Do natural deodorants actually work?

No longer the domain of alternative, health food stores, natural deodorants are popping up on supermarket shelves and beauty magazine listicles.

For a few dollars more than your standard, petrochemical-laden fare, you can have a pit stick made out of rainbows and pure bottled sunshine (read: eucalyptus oil and baking soda).

When the mercury rises, what should you be using to keep yourself feeling fresh?

When the mercury rises, what should you be using to keep yourself feeling fresh?Credit:Stocksy

But, as the weather gets warmer (and stickier), are natural deodorants worth a spot in your bathroom drawer?

Sydney dermatologist Dr Mei-Heng Tan says the main thing to remember when choosing a product to help you not smell like a 12-year-old boy at his athletics carnival is the difference between deodorants and antiperspirants.

"A deodorant is a substance applied to the body to prevent body odour caused by the bacterial breakdown of sweat in armpits," she says.

"Antiperspirants, however, affect odour but also prevent sweating by decreasing sweat production by sweat glands."

That Impulse aerosol can you used in the mid-2000s? Barely a deodorant (yes, that was a sweaty time for us all). Your mum's one from the chemist that shaves off like a soap? Definitely an antiperspirant. For everything between, read the label.

So, where does that leave natural deodorant? Not useless. But, as Dr Tan explains, also probably not the best option for the summer months if sweat is your concern.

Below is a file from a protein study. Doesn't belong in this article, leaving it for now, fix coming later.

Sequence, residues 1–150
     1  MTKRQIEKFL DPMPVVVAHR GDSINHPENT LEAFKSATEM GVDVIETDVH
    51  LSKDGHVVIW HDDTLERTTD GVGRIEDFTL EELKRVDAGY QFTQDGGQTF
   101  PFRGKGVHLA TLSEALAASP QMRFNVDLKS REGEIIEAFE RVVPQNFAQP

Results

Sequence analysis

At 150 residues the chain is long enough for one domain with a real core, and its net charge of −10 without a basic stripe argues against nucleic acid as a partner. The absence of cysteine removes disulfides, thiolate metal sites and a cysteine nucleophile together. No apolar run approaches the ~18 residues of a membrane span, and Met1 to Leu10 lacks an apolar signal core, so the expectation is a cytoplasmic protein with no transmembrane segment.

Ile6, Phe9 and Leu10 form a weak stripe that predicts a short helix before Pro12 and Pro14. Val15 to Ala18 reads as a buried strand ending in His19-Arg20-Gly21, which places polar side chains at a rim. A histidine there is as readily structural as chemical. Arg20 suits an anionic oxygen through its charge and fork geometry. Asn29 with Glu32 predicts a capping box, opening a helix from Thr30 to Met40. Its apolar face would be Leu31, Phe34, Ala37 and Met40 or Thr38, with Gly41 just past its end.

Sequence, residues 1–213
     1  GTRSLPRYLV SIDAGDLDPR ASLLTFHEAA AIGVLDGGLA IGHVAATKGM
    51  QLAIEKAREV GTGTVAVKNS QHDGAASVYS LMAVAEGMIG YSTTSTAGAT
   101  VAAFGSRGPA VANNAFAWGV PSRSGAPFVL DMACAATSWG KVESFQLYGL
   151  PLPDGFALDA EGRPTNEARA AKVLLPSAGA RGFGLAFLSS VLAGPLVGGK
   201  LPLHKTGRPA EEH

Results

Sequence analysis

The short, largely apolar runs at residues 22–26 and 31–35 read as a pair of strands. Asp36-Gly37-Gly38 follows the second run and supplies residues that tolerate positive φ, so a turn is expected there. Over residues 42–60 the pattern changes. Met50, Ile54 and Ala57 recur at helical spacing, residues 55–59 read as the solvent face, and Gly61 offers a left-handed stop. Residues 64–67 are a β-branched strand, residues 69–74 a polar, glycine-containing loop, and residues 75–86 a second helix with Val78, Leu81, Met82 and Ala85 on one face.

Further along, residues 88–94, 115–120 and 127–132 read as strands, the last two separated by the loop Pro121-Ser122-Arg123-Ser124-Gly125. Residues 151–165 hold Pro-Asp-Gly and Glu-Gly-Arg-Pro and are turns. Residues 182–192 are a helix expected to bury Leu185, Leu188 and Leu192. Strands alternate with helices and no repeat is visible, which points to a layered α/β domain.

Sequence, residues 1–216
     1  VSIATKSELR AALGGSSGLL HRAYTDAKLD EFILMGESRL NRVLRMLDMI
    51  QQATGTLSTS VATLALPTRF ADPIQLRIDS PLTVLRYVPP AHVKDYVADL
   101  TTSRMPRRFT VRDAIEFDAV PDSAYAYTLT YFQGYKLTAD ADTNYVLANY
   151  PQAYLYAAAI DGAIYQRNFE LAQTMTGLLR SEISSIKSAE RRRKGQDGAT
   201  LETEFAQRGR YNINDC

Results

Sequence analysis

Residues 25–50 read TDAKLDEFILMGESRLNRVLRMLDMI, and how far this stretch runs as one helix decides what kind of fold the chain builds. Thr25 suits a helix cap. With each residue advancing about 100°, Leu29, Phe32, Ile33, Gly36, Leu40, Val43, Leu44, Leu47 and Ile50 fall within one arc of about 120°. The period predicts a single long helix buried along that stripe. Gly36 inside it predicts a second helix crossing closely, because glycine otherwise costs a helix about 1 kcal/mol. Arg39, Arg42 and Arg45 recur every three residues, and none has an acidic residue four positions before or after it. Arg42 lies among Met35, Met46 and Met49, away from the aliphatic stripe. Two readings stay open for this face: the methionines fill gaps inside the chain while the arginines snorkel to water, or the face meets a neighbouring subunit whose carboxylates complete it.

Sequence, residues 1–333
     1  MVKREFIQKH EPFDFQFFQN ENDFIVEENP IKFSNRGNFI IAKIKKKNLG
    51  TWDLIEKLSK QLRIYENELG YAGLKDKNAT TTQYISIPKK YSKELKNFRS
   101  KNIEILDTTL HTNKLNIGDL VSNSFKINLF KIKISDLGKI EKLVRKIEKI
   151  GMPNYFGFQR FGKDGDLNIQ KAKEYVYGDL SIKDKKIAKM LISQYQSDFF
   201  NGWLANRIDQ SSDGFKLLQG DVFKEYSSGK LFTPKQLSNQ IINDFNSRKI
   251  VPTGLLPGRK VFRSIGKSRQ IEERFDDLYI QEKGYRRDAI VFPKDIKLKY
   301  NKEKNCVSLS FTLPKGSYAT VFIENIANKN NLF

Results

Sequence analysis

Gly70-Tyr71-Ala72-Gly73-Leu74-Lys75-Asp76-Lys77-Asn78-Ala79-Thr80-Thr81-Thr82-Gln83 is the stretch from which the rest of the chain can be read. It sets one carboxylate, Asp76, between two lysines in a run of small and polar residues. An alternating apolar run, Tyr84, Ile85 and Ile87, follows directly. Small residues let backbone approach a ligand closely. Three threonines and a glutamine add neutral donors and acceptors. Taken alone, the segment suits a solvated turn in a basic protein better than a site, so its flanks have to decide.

"Ingredients used in natural deodorants include cornstarch, clay, baking soda, eucalyptus, aloe, coconut oil, eucalyptus and essential oils which have roles in absorbing moisture and combating odour-causing bacteria. These have varying degrees of effectiveness and are probably not as effective as clinical commercial antiperspirants."

While a natural deodorant might stop the stench, it won't stop its source – your sweat – and could still leave you feeling unpleasantly sticky (and your clothes unpleasantly stained). So, they might be fine for people who only sweat a little, but could cause problems for those who sweat more heavily.

If you want a product to stop your sweating, there are three things you should be looking for on the label: aluminium chloride, aluminium chlorohydrate and aluminium-zirconium compounds.

"These react with the electrolytes in sweat or keratin in sweat ducts to form a plug, hence blocking the excretion of sweat," Dr Tan says.

Sweating less this summer

Summer is a time we can become self-conscious about how much we sweat. But, beyond wearing antiperspirant, there are other ways we can try to reduce our sweat production. Wearing breathable fabrics like linen is an obvious change to make, and diet is a factor to consider.

"When your body comes into contact with spicy foods such as peppers, a neurotransmitter called acetylcholine is activated in the brain and this triggers the body to try to cool itself off by sweating," Dr Tan explains, adding that garlic and onions can increase the smell of your sweat.

Regular coffees could be a problem, too.

"Caffeine can also stimulate acetycholine which can trigger the glands that cause sweating."

If you still feel you are sweating more than you should, it could be worth a visit to the GP or dermatologist. It is estimated that 3 per cent of Australians suffer from hyperhidrosis, the medical term for excessive sweating, and a number of prescribed treatments – ranging from botulinum toxin (Botox) injections, to oral medications or, in rare cases, surgery – could be the solution.

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